But God doesn’t show Amos a bowl of wooden fruit, does he? Left with only my mother’s wooden fruit, we would starve, both in our bodies and in our souls. God’s true presence is far from comforting imitation. It’s not there just for show. True life, God-given life, is not a bowl of changeless certainties. As I pondered today’s text, I made an interesting discovery. “Summer fruit” might be a pun on “endings,” but “summer fruit” is only used elsewhere in the Hebrew scriptures in a positive, celebratory way. Summer fruit is the food of kings, of banquets. It is fresh and pregnant with life-giving juice. In scripture, there’s no mention of its rotting. Summer fruit in other texts stands only for the enjoyment of plenty and prosperity in the moment.
It made me wonder why God shows Amos a basket of this fragrant, life-filled fruit in the midst of the desolation of endings. Perhaps God puts this alluring basket out not just for judgment, as it might seem at first, but also to offer us life in the midst of death. After all, God sends God’s Son into this decaying world, where he becomes a part of all of its messy endings. God’s Son dies in the biggest ending of all, an ending similar to the one that God describes to Amos. Jesus breathes his last, and the sun goes down and the sky darkens in broad daylight, and the earth quakes and is tossed about like the waters of the Nile. Holy Saturday, like this section of our text, ends in utter silence. And yet in Jesus’ Cross and Resurrection, this Ending of all endings is also a beginning, the beginning of our salvation.
Perhaps this basket of summer fruit is a gift from God, a gift to remind us that ours is a God who makes beginnings out of endings. When the world gets us down, perhaps we can imagine God carefully choosing for us a ripe fruit from a tree at the corner of heaven and earth, picking it gently from the salvation-bearing arms of Christ, and placing it in our parched mouths? Can you taste its live sweetness, like joy? Can you smell its deep fragrance, like incense? Can you feel it drip down your throat with all of the life-giving force of that first sip of orange juice after surgery? Can you feel it strengthening you to face the endings we must live in this world, strengthening you to turn and offer this same sweet gift to others?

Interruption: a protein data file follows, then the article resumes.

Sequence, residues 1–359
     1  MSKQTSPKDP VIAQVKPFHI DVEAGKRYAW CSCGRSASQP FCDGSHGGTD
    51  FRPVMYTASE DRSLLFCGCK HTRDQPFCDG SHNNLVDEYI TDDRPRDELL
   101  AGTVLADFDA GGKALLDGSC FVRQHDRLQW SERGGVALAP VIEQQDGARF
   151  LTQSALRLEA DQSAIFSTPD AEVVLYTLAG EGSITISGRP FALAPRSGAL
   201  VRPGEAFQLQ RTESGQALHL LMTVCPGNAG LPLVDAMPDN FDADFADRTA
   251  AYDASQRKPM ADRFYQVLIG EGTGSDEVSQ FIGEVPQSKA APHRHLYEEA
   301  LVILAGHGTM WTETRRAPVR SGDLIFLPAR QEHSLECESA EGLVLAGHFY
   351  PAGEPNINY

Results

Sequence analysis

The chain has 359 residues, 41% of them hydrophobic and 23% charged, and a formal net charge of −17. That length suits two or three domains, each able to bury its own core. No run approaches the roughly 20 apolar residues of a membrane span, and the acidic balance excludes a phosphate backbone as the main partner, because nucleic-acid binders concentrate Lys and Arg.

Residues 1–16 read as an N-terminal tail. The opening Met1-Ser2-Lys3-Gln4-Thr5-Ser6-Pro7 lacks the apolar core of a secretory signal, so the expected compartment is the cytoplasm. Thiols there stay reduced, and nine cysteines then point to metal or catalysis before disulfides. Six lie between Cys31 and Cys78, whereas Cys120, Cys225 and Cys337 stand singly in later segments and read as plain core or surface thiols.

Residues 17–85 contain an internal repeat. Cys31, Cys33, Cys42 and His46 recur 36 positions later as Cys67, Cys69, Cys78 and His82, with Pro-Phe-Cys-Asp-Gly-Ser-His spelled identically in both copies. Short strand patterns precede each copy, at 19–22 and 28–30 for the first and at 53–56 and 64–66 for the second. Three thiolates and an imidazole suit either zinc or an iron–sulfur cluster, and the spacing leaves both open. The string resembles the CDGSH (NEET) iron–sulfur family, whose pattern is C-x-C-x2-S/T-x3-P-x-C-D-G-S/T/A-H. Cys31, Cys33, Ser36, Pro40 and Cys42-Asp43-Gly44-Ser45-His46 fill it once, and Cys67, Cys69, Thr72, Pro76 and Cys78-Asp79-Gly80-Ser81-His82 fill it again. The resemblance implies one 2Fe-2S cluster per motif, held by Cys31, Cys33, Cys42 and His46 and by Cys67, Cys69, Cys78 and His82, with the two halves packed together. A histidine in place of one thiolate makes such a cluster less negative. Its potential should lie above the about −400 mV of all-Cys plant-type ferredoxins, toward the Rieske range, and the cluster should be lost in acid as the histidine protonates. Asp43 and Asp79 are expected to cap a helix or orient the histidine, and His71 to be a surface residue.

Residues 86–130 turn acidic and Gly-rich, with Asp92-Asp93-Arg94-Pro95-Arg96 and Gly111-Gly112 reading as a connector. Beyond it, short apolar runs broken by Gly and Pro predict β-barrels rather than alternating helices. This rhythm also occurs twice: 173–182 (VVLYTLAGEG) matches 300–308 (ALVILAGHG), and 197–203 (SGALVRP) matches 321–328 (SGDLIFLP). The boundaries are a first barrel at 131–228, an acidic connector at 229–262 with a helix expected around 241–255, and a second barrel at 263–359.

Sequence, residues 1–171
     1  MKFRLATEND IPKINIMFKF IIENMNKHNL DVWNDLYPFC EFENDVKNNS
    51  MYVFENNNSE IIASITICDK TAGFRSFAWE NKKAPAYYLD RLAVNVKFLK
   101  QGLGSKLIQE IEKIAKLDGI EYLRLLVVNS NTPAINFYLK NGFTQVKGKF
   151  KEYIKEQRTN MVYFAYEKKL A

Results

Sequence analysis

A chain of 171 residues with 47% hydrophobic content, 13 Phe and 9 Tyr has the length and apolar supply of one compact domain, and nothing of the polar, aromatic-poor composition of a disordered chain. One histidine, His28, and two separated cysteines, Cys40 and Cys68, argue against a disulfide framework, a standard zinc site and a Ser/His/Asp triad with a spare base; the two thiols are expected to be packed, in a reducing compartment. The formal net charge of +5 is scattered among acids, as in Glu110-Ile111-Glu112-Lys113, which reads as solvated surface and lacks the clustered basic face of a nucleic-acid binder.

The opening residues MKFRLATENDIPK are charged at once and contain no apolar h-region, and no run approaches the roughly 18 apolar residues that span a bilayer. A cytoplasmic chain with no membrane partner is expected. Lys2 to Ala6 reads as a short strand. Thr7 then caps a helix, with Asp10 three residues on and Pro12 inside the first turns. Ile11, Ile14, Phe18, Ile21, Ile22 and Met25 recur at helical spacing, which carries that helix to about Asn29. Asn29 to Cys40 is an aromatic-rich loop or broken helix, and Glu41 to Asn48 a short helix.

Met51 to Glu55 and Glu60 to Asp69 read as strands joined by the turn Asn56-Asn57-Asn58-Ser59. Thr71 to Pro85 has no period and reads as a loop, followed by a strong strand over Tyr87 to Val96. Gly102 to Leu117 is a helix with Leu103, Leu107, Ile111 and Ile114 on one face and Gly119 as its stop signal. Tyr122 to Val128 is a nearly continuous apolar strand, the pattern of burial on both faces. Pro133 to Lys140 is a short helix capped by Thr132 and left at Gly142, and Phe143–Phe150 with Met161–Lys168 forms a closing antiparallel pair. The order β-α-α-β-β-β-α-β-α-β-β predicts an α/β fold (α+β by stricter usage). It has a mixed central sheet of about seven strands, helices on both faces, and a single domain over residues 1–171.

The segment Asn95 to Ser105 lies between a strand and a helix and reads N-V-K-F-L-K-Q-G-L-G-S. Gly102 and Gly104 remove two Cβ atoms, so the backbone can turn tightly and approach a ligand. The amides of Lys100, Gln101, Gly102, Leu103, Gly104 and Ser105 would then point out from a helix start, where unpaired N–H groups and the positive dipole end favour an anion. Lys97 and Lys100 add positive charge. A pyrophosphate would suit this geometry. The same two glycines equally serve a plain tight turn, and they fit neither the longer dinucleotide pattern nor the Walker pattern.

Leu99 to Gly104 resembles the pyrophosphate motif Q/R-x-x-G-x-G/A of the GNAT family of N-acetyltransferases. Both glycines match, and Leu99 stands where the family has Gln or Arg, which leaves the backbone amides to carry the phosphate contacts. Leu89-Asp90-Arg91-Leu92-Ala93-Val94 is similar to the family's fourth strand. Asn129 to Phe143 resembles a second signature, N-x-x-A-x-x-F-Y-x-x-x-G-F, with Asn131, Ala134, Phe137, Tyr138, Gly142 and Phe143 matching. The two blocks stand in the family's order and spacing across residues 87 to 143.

I wouldn’t be surprised if Jesus isn’t holding out a basket of fat, ripe summer figs to Mary as she sits silently at his feet in our Gospel lesson—offering her a concrete taste of life, and joy, and meaning in the face of the ending and upheaval that is to come for her with his death. Perhaps that One Thing that she chooses is to take the gift of a delicious fig from his open hand.
When was the last time that any of us spent any time with God that could be likened to eating summer fruit? Joyful, full of sunshine, full of health? I know that I feel more like Martha in my prayers—dutiful, asking for things to do. I seem to ask Jesus for a quick vitamin pill or a stiff wooden peach more often than for the squishiness of a ripe fig. I wonder what fruit Jesus might want to offer each of us today? Is God perhaps offering us the chance to pray forth our despair with a psalm, one that is gritty like a fig? Or to immerse ourselves in a moment of music, luscious like a peach? Maybe it’s time spent with a book as juicy as a watermelon or with a poem as small and full of flavor as a berry? Maybe it’s spending time on a walk on sand as grainy as raspberry seeds? In the face of all of the endings that frighten us, all of the pictures of violence and injustice that haunt us, all of the silences that overwhelm us … choose to take a moment this week to sit in the sun at the feet of Jesus, and take a piece of summer fruit from his hand.
See 2 Sam 16:1-2; Micah 7:1; Isaiah 28:4. See also Yvonne Sherwood, “Of Fruit and Corpses and Wordplay Visions: Picturing Amos 8:1-3” in the Journal for the Study of the Old Testament 92 (2001) 5-27.
image of painting by Paul Cezanne